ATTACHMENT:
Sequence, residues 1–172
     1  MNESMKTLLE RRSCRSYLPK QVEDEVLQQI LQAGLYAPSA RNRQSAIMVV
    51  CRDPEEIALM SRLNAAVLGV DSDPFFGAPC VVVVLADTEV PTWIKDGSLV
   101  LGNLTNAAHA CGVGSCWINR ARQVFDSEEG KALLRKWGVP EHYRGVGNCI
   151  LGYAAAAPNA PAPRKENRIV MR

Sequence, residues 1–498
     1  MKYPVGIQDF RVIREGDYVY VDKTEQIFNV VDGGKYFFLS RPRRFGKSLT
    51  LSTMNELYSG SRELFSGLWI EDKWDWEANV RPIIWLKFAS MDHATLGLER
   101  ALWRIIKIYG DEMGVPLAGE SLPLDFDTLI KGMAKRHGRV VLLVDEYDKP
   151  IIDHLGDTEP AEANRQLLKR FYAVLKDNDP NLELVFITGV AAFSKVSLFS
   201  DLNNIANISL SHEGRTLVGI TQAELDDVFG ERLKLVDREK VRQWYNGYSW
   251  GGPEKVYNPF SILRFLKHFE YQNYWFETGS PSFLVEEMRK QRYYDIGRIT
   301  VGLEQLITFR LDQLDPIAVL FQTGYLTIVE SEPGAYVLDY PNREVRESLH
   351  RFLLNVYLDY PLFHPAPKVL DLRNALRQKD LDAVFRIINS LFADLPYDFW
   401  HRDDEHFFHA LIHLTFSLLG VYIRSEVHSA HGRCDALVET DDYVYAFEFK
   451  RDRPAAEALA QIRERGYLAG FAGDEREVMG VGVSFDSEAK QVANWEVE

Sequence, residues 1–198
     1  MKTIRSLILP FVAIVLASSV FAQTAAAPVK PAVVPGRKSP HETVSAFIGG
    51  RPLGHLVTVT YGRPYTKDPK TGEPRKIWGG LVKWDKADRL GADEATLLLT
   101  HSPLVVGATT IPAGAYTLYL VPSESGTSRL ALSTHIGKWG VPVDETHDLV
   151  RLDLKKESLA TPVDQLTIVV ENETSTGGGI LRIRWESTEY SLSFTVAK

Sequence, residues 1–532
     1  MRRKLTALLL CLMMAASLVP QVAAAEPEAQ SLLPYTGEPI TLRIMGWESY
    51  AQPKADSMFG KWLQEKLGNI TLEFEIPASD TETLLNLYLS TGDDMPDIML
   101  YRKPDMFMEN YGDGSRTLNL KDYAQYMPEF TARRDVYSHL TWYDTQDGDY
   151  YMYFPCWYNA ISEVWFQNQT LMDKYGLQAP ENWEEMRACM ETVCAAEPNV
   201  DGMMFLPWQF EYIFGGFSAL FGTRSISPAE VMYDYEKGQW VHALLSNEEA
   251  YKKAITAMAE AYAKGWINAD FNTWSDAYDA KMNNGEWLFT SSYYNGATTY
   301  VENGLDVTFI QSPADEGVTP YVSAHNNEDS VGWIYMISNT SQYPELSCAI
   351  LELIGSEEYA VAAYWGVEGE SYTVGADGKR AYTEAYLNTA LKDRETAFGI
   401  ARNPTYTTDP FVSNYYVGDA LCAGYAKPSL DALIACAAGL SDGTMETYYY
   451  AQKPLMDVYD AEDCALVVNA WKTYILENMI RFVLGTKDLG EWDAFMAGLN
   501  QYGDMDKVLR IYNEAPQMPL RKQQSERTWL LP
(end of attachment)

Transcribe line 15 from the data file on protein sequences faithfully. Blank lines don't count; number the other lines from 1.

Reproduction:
   401  HRDDEHFFHA LIHLTFSLLG VYIRSEVHSA HGRCDALVET DDYVYAFEFK